May 29, 2008

Pro Cycling At The Crossroads: Clean Up Or Clear Off.: A wide-ranging account of the sport's struggle to clean up its drug culture in advance of this weekend's DC-area race. The backstory is familiar to cycling fans, but it's an eye-opener to see the past decade of scandal laid out for a wider audience and juxtaposed with the approach of big-league American sports to doping.

posted by etagloh to other at 01:43 AM - 6 comments

Thanks for that, etagloh. Interesting read (although when did the word "cheater" get invented? What was wrong with "cheat"?). I love watching cycling, Le Tour in particular, so obviously I hope they clean it up successfully. As a spectator, I don't care how long it takes them to tour la France, I just want to see them all suffer and to see someone emerge victorious because he had more heart, or guts or balls - and not because he had more EPO. Mostly, I just want to know that what I'm seeing is what's really happening.

posted by JJ at 04:09 AM on May 29, 2008

As a cycling fan and former racer, I'm happy to see the efforts made to eliminate drugs from professional cycling. At the same time, I think cycling gets penalized by the public for the very reason that it is working to clean things up. Every time a rider is caught, the media is full of stories about how "dirty" cycling is. And yet, cycling imposes extremely tough penalties - typically at least 2 year suspension (4 years from the pro ranks). Given the short careers of most pro cycllsts, this amounts to a lifetime ban for most. I've always wondered how NFL, NBA, or MLB fans would react if players caught using drugs in their sports were suspended for 2 to 4 years.

posted by BikeNut at 07:57 AM on May 29, 2008

Thanks for that, etagloh. Interesting read (although when did the word "cheater" get invented? What was wrong with "cheat"?). Well, I suppose its been around at least as long as the age old taunt, "cheater, cheater, pumpkin eater."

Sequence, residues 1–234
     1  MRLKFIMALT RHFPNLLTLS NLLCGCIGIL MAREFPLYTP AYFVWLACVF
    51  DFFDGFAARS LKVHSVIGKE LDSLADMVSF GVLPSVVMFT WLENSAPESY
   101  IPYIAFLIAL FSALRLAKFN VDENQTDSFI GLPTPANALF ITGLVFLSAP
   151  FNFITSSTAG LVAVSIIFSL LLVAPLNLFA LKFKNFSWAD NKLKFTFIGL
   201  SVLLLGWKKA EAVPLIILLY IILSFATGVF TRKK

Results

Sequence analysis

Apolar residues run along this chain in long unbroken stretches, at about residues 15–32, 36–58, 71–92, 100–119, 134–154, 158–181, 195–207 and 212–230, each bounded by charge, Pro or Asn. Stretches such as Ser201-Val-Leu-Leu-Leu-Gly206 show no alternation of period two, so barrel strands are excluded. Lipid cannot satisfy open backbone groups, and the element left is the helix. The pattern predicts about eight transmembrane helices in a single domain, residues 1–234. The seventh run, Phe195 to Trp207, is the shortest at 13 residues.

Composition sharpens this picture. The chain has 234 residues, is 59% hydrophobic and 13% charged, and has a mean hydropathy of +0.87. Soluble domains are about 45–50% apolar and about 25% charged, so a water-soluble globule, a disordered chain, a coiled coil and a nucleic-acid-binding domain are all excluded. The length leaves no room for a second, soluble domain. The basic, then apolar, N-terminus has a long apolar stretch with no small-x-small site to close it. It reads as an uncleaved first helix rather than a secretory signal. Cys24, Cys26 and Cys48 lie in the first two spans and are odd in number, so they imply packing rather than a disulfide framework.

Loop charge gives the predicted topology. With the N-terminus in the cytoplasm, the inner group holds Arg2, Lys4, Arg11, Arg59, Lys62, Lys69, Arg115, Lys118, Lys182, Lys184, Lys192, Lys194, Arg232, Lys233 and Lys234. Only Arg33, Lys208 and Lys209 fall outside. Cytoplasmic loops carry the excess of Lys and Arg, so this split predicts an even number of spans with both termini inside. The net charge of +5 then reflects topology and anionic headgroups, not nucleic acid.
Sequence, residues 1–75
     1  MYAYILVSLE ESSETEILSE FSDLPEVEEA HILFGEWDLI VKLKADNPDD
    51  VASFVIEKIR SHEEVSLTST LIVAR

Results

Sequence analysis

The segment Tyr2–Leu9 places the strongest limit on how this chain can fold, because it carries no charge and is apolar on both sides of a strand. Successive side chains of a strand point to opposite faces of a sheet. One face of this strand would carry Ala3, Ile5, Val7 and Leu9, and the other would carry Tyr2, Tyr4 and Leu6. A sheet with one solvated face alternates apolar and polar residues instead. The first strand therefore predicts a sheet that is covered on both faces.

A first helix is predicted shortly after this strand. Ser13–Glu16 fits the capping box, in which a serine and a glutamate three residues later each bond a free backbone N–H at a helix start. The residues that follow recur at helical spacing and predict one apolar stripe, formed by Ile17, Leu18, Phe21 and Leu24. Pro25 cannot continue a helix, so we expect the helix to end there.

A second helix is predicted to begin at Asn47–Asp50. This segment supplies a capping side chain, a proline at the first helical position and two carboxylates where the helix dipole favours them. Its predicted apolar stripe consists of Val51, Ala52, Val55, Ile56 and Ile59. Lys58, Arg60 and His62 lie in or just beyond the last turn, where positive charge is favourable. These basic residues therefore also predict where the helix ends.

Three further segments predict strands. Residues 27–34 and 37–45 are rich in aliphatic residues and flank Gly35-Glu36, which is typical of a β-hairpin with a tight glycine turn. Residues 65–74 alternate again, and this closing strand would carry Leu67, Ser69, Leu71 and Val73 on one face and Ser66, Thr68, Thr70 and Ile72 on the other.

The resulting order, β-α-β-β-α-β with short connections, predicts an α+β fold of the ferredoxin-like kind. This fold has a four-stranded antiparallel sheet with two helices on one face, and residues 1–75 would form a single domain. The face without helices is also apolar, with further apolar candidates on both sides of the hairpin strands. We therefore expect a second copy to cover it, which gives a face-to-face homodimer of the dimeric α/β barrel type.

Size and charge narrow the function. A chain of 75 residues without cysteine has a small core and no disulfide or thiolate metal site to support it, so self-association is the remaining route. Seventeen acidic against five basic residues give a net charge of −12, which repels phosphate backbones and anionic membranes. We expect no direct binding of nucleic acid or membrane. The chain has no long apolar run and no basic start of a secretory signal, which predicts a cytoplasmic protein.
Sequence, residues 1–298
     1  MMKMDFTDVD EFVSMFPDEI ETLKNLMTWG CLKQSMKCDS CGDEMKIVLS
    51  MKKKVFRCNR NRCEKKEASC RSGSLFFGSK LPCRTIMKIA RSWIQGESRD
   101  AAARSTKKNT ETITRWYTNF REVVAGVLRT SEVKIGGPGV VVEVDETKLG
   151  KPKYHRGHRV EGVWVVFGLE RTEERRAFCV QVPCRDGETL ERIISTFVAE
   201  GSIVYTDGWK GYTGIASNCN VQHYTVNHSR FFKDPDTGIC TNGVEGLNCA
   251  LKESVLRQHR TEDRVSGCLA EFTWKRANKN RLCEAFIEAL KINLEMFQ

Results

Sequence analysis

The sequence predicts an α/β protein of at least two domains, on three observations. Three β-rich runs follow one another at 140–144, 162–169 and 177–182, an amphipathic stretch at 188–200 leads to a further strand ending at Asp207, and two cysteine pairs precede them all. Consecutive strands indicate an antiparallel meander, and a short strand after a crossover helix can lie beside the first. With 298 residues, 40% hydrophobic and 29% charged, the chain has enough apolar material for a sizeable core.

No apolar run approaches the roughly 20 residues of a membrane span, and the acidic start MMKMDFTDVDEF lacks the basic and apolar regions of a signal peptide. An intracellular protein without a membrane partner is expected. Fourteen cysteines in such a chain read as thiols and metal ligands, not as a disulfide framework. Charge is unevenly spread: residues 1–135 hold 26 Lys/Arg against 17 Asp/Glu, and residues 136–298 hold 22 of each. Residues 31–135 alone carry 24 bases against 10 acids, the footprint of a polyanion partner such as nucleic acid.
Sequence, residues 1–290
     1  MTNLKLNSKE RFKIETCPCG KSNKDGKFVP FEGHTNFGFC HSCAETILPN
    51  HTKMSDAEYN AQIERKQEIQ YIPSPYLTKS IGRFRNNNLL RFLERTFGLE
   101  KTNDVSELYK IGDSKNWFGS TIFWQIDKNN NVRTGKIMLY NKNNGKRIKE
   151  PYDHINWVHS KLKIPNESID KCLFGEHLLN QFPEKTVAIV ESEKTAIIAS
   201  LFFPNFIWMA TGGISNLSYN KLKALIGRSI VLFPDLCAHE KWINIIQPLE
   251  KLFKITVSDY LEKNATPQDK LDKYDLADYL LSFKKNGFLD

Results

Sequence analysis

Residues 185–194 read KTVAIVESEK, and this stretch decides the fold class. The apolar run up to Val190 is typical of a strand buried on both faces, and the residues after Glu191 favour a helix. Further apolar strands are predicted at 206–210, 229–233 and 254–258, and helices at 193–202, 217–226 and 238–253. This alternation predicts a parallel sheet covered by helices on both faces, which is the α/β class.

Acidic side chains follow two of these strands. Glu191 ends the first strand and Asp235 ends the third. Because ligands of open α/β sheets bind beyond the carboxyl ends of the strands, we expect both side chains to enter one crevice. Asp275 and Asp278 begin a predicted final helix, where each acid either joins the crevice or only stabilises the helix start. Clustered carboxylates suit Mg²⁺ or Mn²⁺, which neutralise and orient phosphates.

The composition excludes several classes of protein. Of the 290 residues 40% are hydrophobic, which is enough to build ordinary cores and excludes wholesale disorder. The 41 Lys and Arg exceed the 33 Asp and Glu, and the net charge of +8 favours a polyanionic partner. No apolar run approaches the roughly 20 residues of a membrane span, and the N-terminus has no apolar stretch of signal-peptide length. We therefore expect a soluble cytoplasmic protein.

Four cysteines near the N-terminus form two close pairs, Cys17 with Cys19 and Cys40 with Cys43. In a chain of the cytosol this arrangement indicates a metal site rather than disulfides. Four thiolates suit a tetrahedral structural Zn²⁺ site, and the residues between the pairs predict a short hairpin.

posted by Chargdres at 09:06 AM on May 29, 2008

I've never heard that taunt. I've heard about Peter Peter, but that's something else. I don't hate "cheater," though. It's what they were, after all. What JJ and BikeNut said. I love the sport, and I don't want to see it fade into oblivion because of mismanagement of the doping issue. Thanks for the post, holgate.

posted by chicobangs at 09:27 AM on May 29, 2008

Thanks for the comments. I'm not sure I share the optimism of the piece's conclusion, and the hope that Slipstream and outspoken ex-dopers like David Millar can make a difference: the complicity (or see/hear/speak no evil attitude) of sponsors means that it's going to take demonstrably clean success to help the sport kick the habit and rebound. The juxtaposition with NFL/NBA/MLB and their players' unions is interesting, though the setups make it difficult to make like-for-like comparisons. That said, unionisation, plus the nature of the governing bodies, most likely makes it difficult for any individual team to assert its drug-free status.

posted by etagloh at 08:21 PM on May 29, 2008

Rant Your Head Off has an interesting analysis of this article. It's about halfway down and starts at the big bold "Meanwhile...". Preceding that is a pretty good discussion of the Gatlin case currently before CAS.

posted by apoch at 07:54 AM on May 30, 2008

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